Review: Eats Everything arrives on Futureboogie Recordings and, clearly, it's all going off. "Tone Music" is a slice of majestically wasted raw house that centres around a beguiling sci-fi synth riff, plinky plonk noises and the tormented warbles of a mad man. Oh, and a snare, a ridiculously massive snare. "Lo-Fi" is loose, dirty, garagey house that has a really urgent sense of spacey sleaze. Lastly "Doldrums" ends things on high with huge build-ups and, infectious rubbery bassline, skippy beats and a relentless cheap keyboard riff. In other words, pretty much perfect dancefloor material.
Review: Following fine early outings on Cin Cin and Warm, psychedelic-minded house fusionist Elliott Lion pops up on Bristol's Futurebogie Recordings with more energetic, otherworldly club tracks. Title track "Ecstasy" is a typically swirling, densely layered and intoxicating affair, with spiraling electronics, "Tomorrow Never Knows" style exotic audio textures, feverish effects and dewy-eyed vocals rising above a loose-but-booming rhythm track. Rom Flugel runs with the "just necked a tab and I'm starting to hallucinate" vibe on his accompanying remix, in the process making the track even more trippy and mind-altering. To round off the EP, Lion serves up a more hypnotic bonus cut that sits somewhere between Isolee, Hardway Brothers and Futureboogie regular Christophe.
Review: It's some 13 years since Fernando Pulichino made his debut as part of rubbery, dub-disco/deep house fusionists Silver City, and seven since his first solo outing on Redux. Here, he pops up on Bristol's Futureboogie Recordings with more pleasingly dubbed-out disco chuggers and sparkling nu-disco workouts. "Ride On" is classic Fernando, with the Argentine producer expertly combining a trademark punk funk bassline with spiraling synths, fluttering electronics and rolling beats. His electrofunk, Itallo-disco and Balearic influence shines through stronger on the trippy and dubby "Trespassing", while "Mid Decade" is a kind of bubbling, sun-kissed analogue nu-disco jam. There's also a neat bonus in the shape of DJ Nature's rework of "Ride On", which turns Pulichino's original into a woozy, guitar-laden deep house gem.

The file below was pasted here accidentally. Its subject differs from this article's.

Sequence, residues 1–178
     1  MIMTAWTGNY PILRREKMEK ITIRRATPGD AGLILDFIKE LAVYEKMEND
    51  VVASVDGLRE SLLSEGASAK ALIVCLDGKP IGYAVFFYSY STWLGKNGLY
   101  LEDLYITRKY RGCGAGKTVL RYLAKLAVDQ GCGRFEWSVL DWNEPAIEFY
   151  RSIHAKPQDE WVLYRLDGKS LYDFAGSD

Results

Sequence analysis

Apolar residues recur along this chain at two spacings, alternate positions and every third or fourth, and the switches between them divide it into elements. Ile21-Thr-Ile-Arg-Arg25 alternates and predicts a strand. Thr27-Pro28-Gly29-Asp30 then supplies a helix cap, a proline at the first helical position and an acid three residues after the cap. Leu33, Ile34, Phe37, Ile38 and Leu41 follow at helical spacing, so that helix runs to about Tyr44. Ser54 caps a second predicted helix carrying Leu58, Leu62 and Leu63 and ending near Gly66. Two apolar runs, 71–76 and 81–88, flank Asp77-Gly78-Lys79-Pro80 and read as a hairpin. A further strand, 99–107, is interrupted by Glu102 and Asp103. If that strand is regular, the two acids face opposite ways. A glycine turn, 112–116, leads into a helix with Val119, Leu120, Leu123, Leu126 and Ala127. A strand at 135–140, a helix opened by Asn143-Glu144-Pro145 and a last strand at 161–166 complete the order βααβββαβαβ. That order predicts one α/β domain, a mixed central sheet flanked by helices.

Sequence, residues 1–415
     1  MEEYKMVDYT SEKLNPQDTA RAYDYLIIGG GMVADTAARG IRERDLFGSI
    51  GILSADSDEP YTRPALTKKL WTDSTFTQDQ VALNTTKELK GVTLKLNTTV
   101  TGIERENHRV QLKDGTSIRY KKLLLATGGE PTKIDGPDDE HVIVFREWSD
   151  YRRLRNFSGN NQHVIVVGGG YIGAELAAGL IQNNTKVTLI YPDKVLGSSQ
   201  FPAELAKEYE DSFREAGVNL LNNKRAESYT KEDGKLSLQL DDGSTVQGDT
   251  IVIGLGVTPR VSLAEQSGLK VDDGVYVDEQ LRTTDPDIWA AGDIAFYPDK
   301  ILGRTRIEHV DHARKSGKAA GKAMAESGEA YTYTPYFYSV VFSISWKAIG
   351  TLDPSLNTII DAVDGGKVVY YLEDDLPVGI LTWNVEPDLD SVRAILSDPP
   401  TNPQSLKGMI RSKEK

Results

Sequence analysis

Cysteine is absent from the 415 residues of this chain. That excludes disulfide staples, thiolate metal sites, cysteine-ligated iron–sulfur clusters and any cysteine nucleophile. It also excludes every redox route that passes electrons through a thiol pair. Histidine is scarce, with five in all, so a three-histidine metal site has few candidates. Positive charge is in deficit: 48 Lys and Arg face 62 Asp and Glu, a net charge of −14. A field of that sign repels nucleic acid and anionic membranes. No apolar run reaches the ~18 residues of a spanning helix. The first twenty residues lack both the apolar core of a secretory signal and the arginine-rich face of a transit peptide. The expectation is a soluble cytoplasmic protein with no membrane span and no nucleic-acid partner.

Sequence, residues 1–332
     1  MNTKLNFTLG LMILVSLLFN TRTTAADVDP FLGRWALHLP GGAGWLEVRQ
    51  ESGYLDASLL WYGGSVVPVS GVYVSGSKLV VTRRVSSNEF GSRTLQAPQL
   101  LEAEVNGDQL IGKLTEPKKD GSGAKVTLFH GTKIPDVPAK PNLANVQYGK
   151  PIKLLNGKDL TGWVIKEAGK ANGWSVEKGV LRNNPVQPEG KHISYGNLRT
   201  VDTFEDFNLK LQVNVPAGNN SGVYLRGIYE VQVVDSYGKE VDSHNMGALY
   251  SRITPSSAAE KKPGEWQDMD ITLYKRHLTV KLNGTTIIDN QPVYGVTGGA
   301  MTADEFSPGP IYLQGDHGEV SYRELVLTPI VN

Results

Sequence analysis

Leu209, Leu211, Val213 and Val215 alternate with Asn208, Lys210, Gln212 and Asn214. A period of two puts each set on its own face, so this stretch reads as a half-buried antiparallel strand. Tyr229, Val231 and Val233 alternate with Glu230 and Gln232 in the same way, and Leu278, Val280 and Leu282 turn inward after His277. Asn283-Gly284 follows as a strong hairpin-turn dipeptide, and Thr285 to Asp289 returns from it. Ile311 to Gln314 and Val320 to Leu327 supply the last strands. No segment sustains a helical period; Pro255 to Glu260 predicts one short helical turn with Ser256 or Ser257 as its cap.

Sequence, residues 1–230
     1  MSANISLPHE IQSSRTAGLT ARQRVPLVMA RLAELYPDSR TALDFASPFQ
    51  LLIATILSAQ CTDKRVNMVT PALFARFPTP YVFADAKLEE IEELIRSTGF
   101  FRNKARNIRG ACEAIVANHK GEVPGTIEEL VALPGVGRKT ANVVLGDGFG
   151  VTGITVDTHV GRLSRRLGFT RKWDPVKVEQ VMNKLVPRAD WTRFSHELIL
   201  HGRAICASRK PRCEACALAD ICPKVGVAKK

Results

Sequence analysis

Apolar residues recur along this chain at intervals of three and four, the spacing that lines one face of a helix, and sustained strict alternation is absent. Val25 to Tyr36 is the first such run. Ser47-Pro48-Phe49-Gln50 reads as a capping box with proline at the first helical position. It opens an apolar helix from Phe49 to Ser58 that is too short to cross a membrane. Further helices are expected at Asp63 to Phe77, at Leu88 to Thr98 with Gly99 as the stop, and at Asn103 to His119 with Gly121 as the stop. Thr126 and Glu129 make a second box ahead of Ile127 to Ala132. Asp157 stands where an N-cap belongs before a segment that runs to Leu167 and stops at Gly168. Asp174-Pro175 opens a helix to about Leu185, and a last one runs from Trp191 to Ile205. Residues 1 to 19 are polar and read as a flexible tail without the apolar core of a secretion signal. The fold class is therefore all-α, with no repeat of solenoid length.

Review: After delivering an impressive contribution to Futureboogie Recordings' recent Summer Riot IV release, Phil Gerus has been given the chance to showcase his wares with an EP all of his own. He impresses from the off, effortlessly fusing classic house vocal samples, rubbery boogie bass and spacey synth flourishes on the superb "One More Button Down". Gerus then doffs a cap to 80s electro and space-funk on the wobbly "Better Sing It To Me First", before charging off on a sparse electrofunk-meets-rolling house tip on the brilliantly flexible "She Rides Shotgun". He argiuably saves the best till last, though, with the Chicken Lips-meets-Serious Intetion style proto house-meets-electro business of "Now Is Gone".
Review: Newly-transplanted-to-Bristol producer Hackman makes good on his allegiance to the city he now calls home with this offering to one of the West Country's most fervent outposts of plush, disco-inflected house music. Lead track "Change My Life" fits neatly into the label aesthetic with its neon daubs of synth and soulful vocal croon over a firm but gentle groove, given extra bite by some rugged rhythmic chops to balance out the sugary melodic blasts. "Lost From Me" takes a more mysterious direction with its spooky snippets of vocal and slippery sampling until the curtain drops on a bombastic chord progression, making for an emotionally powerful romp. "We Make Delicious" is by way of contrast a slow-burner that prefers a stripped-back drum template and plaintive dashes of melody over heavy brushstrokes.
Review: Having spent the last few years quietly building his reputation via decent EPs for ESP Institute, Saft and Keep it Zen, Ian Blevins has had a relatively quiet 2017. This outing on Dave Harvey's Futureboogie Recordings label is only his second release of the year. It is, though, rather good, with Blevins gleefully sprinting between acid-flecked, Italo-disco inspired Balearic house (tidy opener "Round Trip"), rush inducing, organ and acid-driven positivity ("Roland's Rat") and rolling, slow-building late night goodness (the bubbly melodies and elongated chords of "Can You Count My Dream"). The obligatory remix is provided by Lobster Theremin and Uncanny Valley regular Panthera Krause, whose Moroder-on-happy tablets version of "Round Trip" is a warm, hazy and life-affirming delight.